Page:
Barcelona and Ronald Koeman are a disastrous match

Harry De Cosemo
Barcelona manager Ronald Koeman

If there was one line Ronald Koeman could have used to to simplify the discourse surrounding the increasingly palpable tension at Barcelona, particularly centring around his position as coach, it was this: “When you look at the list (of players I have to pick from), what am I supposed to do? Play tiki-tiki?”

There is so much wrong there; so much to unpack. Not that he needed it, given the nature in which both he and club president Joan Laporta have been washing their dirty linen in public since Laporta returned for his second spell in March, but Koeman read his own P45 out loud. The only reason he is still at Camp Nou is the same reason Lionel Messi isn’t: they don’t have the money to make a change.

That Koeman was ever employed is evidence of a fall from grace with a nasty bump. For a legendary ex-Barcelona player – scorer of the winning goal at Wembley in the ’92 European Cup final under Johan Cruyff no less – he hasn’t displayed the coaching nous, and more alarmingly, attitude to succeed in the role he always called his dream. Josep Maria Bartomeu hired him and never had too much time for Cruyff, the ‘father’ of the Barcelona ideology Laporta put centre stage between 2003 and 2010.

Everybody knows the term tiki-taka, synonymous with the Laporta experiment, a homage to Cruyff which yielded three La Liga titles and a Champions League and ensured a dynasty would last long after he’d gone. To get the name wrong is nothing major in itself, but it was said with such disdain and menace that it was hard to ignore.

Really, though, the issue lies in the answer to Koeman’s seemingly rhetorical question. Yes, he should be playing that way; at Barcelona, principles are sacred, and the fact they have slipped is almost directly linked to their spectacular decline. Laporta is far from perfect – his handling of the Messi saga proved as much – but when the socios voted en masse to re-elect him as captain of a desperate ship, it was evidence that they wanted their purity back; success was a by-product of the principles they once stuck to. The logic is sound: return to the principles and, one day, maybe, success will follow. They can only hope.

Ernesto Valverde found, even in the Bartomeu era, drifting too far away from that style of play was fatal. Fast-forward to 2021 and Gerard Pique is joining Luuk de Jong up front and some of the tactics would have made Tony Pulis’ Stoke City blush. Results are even worse. There was a Champions League meeting with Bayern Munich on matchday one; it should have been a rare treat, the sort of clash reserved for the semi-finals rather than the group stages. But Bayern almost looked embarrassed at how far ahead they were; it was they who ended Quique Setien’s reign and arguably lit the touch-paper for current events with an 8-2 victory in 2020. This ended 3-0 – less chaotic, no alarm bells ringing at the depths reached, but it was almost worse. There was a quiet acceptance, a humbling sense of new reality and relief when, by the end, it seemed the least bit respectable.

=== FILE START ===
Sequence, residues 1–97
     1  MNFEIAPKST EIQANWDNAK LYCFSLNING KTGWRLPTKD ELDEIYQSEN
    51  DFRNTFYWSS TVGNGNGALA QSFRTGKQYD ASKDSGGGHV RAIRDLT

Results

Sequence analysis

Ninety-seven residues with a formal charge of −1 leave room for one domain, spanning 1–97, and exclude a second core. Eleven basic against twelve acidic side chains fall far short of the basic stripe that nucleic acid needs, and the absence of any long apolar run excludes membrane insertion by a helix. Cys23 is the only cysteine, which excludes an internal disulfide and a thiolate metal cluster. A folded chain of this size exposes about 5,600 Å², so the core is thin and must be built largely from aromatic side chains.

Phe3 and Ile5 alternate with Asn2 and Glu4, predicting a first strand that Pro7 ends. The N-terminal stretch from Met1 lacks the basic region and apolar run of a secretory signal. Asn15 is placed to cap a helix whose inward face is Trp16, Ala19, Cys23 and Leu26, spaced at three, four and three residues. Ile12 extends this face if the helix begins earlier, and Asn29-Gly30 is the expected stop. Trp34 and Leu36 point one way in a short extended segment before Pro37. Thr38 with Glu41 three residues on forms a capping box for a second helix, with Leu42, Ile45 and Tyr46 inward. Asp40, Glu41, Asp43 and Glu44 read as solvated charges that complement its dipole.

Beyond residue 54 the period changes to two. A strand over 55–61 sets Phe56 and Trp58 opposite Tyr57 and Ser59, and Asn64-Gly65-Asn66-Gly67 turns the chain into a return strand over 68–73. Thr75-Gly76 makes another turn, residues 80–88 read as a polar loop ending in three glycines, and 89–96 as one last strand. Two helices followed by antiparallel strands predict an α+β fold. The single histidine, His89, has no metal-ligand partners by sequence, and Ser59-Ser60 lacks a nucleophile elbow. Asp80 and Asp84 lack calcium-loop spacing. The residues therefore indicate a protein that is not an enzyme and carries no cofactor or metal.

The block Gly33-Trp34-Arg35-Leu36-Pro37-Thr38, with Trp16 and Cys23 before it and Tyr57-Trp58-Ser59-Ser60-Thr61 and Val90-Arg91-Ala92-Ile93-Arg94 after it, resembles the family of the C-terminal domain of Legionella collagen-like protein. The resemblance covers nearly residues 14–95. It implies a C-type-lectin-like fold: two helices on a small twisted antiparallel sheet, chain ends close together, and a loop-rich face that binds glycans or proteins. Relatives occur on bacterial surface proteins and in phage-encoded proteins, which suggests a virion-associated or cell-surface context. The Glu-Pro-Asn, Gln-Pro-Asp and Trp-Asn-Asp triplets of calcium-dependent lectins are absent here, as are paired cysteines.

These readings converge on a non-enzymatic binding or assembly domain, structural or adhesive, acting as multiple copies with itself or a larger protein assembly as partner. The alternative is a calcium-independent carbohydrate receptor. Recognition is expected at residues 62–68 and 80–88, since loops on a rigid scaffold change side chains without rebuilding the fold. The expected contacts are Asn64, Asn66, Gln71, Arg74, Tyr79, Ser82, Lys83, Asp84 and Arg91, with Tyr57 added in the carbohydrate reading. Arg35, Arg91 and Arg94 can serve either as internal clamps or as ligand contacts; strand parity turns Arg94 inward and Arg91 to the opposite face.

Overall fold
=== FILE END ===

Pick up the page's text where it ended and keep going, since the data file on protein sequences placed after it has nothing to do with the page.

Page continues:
Bayern Munich forward Thomas Muller

Exaggerations were made around Valverde and even Luis Enrique before him; they dared to play the ball forward more than sideways and felt the wrath of fans and press. Koeman, who has appeared little more than the anti-Cruyff at the most delicate moment of crisis, has abandoned everything and looked to shift blame. On a personal note, his long-winded, inevitable final chapter has been almost textbook. He has nothing to do with the wider troubles, but now is the time for unity and understanding. His job, theoretically, should be easier with the lifting of major expectation, but sympathy is sapping away. How long until his reputation follows?

Hope arrived on Sunday afternoon. There was a rudimentary 3-0 win over Levante, the type of result it is perhaps natural to take for granted. But Koeman and Laporta can’t afford to do that, so it was a bright spark; Ansu Fati’s late cameo, his first since returning from injury and first in the number 10 shirt, was a glimpse of a possible future. He scored a goal reminiscent of Ronaldinho, picking the ball up in the centre of the pitch and driving into space, committing defenders before firing into the net. Serenaded by Camp Nou at the end of the game, Ansu immediately said the club were targeting every trophy in the book. But the nature of the world Koeman lives in is not forgiving enough for one result to turn the tide.

In a dream world, Xavi Hernandez would take over next. Nostalgia is a point in his column, but there is an argument for natural progression. Barcelona are a club who like the romantic idea of a succession plan, with players who replace one another in order, developed with the fabric of their ideals. Pep Guardiola was expected to be replaced by Xavi, who in turn was to be usurped by Andres Iniesta, followed by Cesc Fabregas and finally Thiago Alcántara. Footballers don’t develop at the same rate, so it never quite worked out that way, but in the same sense, Guardiola was hired by Laporta in 2008 because he understood the ideology which was in danger of being lost; Xavi fits the bill for the future for the same reason.

In reality, timing is everything, and Xavi, who currently manages Qatari side Al Saad, would inherit a monumental task for which he isn’t ready. He speaks the same football language as Guardiola, as he said himself, but football isn’t that simple or that kind. Roberto Martinez, the Belgium manager liked by Laporta, is another option.

Koeman is right to a degree; his squad is weak and the problems are mounting beyond his control. But as the figurehead of Barcelona, somebody who played and enjoyed success with the club, he needs to show more understanding. He’s demonstrated he does not and the writing for him is very much on the wall.